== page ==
The Watermen Project
lbl_community_org_type_npongo in Switzerland, Geneva
The Watermen Project is a non-profit organization dedicated to ocean conservation and awareness with a focus on sharks and other big pelagic fish. Founded by William Winram, the Watermen are freedivers who volunteer their breath-hold skills to assist scientists in their research by tagging, collecting biopsy samples or taking photos.
Route du Pont-Butin 70, 1213 Petit-Lancy, Geneva, Switzerland
24 May 2017
25 May 2017
Manta RaysThe oceanic Manta Ray (Manta birostris) is listed as vulnerable by the IUCN. The Revillagigedo Archipalago is one of the last locations Oceanic Manta Rays can be seen in abundance. By collecting biopsy samples from these stunning rays we can conduct a variety of analysis such as stable isotopes, genetics, contaminants and trace elements. This data allows us to develop a better understanding of animal health, population dynamics and diet assisting in the conservation of these incredible animals.
25 May 2017
TaggingSearching for sharks during a tagging expedition is an incredible experience. It takes patience, patience and a lot more patience. And the ocean is to be trusted as it is full of surprises. The old waiting game was rewarded during this tagging session with huge fish schools passing by. Searching and waiting are fundamentals for amazing underwater encounters. Whether you are a beginner or advanced diver, remind yourself that you are in the ocean - not in a theatre. Just because you bought a ticket, doesn't mean you get to see the movie. And if you want to enjoy the show years down the road. Maybe leave your seats in good condition, and consider to donate to its renovation. What do we mean by that? Contribute to local conservation, support the local economy during your trip and maybe in a couple of years the waiting lines become a little shorter.
25 May 2017
ExpeditionsTHE WATERMEN PROJECT provides a research platform for researchers and scientists alike. Researchers and scientists can broaden their knowledge by gathering data on sharks and large marine animals that will allow them to establish their reproduction, migratory and behavioral patterns throughout the world. This knowledge is essential to, for instance, sway governments to pass legislation banning shark trade and to create large no-ﬁshing zones to avoid a complete collapse of ﬁsh stock.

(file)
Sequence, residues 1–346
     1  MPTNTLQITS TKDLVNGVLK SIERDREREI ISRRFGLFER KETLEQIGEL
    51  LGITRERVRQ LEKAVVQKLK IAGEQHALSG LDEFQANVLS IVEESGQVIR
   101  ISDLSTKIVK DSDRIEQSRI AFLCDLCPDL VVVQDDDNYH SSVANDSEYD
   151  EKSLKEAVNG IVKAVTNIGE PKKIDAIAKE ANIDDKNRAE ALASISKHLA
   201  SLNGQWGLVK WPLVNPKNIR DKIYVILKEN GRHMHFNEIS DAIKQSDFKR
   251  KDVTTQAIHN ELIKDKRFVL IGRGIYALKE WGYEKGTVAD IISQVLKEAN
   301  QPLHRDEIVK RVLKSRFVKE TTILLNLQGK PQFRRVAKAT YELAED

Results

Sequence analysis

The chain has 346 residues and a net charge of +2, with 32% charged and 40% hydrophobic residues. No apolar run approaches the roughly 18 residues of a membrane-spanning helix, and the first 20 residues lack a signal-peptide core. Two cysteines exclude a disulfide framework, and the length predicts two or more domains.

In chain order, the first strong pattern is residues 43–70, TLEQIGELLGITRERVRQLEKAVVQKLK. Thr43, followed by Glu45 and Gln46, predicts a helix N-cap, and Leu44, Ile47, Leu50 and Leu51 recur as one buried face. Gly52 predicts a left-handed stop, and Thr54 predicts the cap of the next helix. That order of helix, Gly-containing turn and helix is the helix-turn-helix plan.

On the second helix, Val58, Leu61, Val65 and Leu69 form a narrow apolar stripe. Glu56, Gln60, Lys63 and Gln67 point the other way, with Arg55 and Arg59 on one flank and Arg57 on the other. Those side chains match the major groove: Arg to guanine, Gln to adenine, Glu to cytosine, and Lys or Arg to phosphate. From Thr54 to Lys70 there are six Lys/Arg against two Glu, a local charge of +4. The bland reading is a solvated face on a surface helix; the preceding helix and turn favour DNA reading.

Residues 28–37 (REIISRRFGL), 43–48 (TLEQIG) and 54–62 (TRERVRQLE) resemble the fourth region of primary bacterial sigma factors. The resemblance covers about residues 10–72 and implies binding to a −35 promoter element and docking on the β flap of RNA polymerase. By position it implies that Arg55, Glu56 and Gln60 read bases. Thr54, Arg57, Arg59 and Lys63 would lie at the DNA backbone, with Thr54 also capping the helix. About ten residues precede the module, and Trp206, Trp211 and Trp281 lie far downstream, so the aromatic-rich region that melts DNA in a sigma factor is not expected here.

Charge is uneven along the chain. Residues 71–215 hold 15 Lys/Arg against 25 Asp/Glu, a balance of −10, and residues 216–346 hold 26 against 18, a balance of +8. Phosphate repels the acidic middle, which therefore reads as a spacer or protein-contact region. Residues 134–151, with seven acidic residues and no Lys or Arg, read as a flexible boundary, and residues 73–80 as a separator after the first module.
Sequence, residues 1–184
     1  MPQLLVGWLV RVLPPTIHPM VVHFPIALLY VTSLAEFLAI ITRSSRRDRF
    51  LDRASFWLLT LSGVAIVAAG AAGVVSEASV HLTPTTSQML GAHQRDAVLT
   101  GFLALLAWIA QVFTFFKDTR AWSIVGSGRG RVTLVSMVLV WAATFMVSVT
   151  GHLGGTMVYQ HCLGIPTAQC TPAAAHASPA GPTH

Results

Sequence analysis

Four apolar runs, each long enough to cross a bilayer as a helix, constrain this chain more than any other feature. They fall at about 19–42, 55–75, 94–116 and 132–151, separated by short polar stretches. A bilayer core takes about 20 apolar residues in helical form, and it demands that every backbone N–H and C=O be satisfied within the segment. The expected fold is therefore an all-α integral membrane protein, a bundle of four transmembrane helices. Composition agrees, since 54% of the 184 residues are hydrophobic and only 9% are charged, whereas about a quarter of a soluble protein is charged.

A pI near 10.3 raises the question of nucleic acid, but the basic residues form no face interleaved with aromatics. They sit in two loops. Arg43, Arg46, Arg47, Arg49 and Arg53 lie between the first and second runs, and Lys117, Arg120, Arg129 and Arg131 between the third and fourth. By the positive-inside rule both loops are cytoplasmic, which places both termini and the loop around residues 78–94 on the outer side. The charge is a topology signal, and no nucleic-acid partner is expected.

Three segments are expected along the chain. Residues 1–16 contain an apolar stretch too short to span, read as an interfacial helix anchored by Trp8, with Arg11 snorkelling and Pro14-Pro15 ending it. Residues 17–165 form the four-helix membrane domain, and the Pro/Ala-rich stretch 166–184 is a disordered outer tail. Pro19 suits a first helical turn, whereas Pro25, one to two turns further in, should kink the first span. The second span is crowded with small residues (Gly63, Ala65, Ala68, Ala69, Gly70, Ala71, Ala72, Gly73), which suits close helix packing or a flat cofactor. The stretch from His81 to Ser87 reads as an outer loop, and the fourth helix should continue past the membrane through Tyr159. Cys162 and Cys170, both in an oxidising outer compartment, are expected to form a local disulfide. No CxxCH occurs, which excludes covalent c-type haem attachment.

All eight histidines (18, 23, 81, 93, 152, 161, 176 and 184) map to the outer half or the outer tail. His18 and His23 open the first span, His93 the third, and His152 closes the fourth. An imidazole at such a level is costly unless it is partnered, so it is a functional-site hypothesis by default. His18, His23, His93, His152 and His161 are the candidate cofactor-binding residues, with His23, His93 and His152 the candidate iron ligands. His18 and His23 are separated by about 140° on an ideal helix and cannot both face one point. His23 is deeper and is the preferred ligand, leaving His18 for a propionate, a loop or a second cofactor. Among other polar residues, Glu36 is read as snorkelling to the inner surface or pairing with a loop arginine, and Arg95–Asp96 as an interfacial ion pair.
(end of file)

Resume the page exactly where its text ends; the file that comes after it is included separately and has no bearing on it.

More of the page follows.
25 May 2017
Hammerhead SharksOur team has put a lot of effort into studying the great hammerhead sharks around Bimini together with Bimini Biological Field Station - Sharklab. The collaborative project has revealed long distance migrations along the US Florida coast, thousands of kilometers away from this small island in The Bahamas. Big questions remain around shark ecology and movements, and our team is determined to continue using their freediving abilities to contribute to shark conservation and research. While it is amazing that we have access to these sharks now and everyone can enjoy pictures of these incredible creatures, we have to be careful about the false sense of security we may get from social media. Just because you see thousands of pictures of great hammerheads, doesn't mean that there are actually thousands of great hammerheads that you can dive with or are left in our oceans. And just because there are many people diving with sharks in locations all over the world, does not mean that we know everything about them - far from it.